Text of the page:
A thousand words, as they say…

…or, What’s wrong with the San Antonio Express-News, more than anything else I’ve commented on, in a nutshell:


What’s wrong with this picture? This isn’t a picture of today’s Houston Chronicle, that’s what. Sabra says we don’t really have a local paper anymore, and the more I see things like this the more I believe it. The story did run in the Express-News, yes. And we don’t subscribe, but we do buy it off the stand at least 3-4 times a week. It’s not so much that they’re sharing stories that bugs me (and her); it’s the fact that so much Chronicle content runs in our paper. Sometimes it’s almost as if the E-N is, as Albatross put it, a Southwest Texas extension of the Chronicle — not only because of that, but also because of so much of the paper’s production being farmed out to Houston and the fact that they don’t even try to hide it. And I also remember at least one big Express-News Sunday story about the goings-on in the Eagle Ford formation — with a South Texas dateline — written by a Chronicle scribe. You’d think of the 100 journalists the Express-News has covering San Antonio and the surrounding area, they could have gotten one to write that story as opposed to farming it out to Houston.

As Sabra put it:

“The reason I no longer subscribe is the lack of local content. Running so much Houston content in the SA paper not only shows a distinct lack of respect for the second-largest city in Texas, it shows a deep lack of understanding of this city. See, here in SA we are raised on rivalry with Houston. Sublimating local news to our rival city is insulting, & ignoring local stories in favor of random things from southeast Texas–a region pretty much no one here other than my husband cares a flying rat’s ass about–is frankly inexcusable. In an ultra-connected world where newspapers are forced to publish day old news, to ignore the only strength a newspaper has is frankly ridiculous.”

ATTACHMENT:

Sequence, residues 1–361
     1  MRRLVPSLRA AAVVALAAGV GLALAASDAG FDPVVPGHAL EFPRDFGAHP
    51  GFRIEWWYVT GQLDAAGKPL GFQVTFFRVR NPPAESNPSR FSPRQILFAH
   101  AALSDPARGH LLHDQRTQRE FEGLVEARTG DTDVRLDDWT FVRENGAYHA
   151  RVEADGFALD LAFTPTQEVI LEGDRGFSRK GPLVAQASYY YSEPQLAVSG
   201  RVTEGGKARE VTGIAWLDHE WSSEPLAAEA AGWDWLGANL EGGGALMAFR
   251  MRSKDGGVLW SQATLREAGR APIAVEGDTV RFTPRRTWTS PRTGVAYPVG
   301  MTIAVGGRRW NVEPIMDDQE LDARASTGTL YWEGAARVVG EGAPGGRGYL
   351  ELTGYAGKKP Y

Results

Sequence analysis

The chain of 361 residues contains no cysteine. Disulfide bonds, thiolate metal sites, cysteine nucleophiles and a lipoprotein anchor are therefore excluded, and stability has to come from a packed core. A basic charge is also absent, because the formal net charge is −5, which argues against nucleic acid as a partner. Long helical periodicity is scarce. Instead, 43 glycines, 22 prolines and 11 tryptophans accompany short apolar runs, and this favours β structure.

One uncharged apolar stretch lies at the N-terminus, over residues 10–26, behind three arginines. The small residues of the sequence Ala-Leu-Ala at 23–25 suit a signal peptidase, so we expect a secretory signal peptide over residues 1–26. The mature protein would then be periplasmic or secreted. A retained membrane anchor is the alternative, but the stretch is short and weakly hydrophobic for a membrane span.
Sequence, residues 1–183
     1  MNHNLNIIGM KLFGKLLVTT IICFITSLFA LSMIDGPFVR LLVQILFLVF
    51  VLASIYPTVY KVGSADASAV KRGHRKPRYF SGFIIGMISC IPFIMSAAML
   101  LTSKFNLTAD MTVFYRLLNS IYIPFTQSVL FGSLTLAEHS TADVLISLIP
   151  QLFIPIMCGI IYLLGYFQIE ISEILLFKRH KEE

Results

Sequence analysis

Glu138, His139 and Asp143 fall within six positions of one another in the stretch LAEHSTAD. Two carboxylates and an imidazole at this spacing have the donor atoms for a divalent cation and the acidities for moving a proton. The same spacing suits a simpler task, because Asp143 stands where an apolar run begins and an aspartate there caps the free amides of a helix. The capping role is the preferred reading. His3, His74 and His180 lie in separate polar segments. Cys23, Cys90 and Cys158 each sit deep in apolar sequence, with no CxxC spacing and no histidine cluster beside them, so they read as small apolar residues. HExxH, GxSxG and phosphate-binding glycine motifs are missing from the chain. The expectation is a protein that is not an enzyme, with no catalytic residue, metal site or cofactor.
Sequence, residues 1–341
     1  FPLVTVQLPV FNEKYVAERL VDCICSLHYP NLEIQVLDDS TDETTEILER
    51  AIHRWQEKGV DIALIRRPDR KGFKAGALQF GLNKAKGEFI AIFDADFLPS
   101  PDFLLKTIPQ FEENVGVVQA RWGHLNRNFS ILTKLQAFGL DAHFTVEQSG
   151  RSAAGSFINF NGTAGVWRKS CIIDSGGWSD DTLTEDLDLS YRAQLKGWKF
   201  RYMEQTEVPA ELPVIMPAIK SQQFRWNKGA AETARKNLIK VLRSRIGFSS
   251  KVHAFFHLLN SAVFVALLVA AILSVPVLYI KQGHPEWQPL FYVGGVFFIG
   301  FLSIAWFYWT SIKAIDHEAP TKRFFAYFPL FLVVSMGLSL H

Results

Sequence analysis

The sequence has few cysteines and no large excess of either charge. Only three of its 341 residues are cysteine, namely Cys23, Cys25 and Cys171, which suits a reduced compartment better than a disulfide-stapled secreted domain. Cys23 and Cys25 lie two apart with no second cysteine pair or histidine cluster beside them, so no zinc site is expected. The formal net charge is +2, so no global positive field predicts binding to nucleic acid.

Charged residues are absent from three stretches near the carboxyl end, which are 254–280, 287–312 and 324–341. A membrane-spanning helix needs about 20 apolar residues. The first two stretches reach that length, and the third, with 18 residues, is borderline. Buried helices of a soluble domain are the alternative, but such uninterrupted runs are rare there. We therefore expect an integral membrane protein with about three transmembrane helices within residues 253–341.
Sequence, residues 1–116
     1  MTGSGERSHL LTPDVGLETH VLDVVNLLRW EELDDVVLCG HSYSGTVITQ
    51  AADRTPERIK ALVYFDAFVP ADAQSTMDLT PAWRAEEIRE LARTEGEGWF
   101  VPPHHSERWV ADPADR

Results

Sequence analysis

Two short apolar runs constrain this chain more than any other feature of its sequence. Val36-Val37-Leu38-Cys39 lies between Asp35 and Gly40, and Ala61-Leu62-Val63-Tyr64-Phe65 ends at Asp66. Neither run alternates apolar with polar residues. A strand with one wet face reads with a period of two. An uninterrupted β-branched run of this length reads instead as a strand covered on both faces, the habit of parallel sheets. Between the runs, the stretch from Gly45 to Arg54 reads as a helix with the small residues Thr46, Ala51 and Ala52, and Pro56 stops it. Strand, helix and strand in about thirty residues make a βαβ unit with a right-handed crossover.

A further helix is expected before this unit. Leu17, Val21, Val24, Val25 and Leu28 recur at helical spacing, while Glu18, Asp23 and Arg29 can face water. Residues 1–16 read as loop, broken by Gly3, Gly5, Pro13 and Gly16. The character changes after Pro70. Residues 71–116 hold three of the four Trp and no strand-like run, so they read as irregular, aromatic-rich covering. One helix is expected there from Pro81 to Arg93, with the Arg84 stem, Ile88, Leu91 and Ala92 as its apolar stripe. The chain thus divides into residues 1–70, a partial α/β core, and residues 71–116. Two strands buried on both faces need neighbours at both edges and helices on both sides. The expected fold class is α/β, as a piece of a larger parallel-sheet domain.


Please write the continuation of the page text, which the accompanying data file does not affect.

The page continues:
I’ll admit the quality of the SAEN pisses me off on another level as well, though, albeit at Hearst on a more general level. I applied at another Hearst paper, the Beaumont Enterprise, right about the time I graduated from college. I was told that I needed more experience to qualify for the position they had open at the time. Yet the journalists at the San Antonio Express-News (a much bigger paper that would have required even MORE experience) routinely get elementary details, such as highway names, wrong in their stories. I have seen FM 78 referred to as “Highway 78” (more than once!) and Interstate 37 referred to as “U.S. 37.” What other details do they miss that I never would have missed even as a reporter at the newspaper for a small state school?

At this point I’d have to say things turned out better for me, though. I could be at the Express-News, waiting for the next ax to fall.


2 Responses to “A thousand words, as they say…”

  1. Albatross Says:

    I could be at the Express-News, waiting for the next ax to fall.

    It’s been falling quite a bit lately. I bet any reporter or columnist at that paper lives a nervous life these days.

  2. southtexaspistolero Says:

    No doubt! Two editors and four metro columnists gone in one year? Something is definitely not right.

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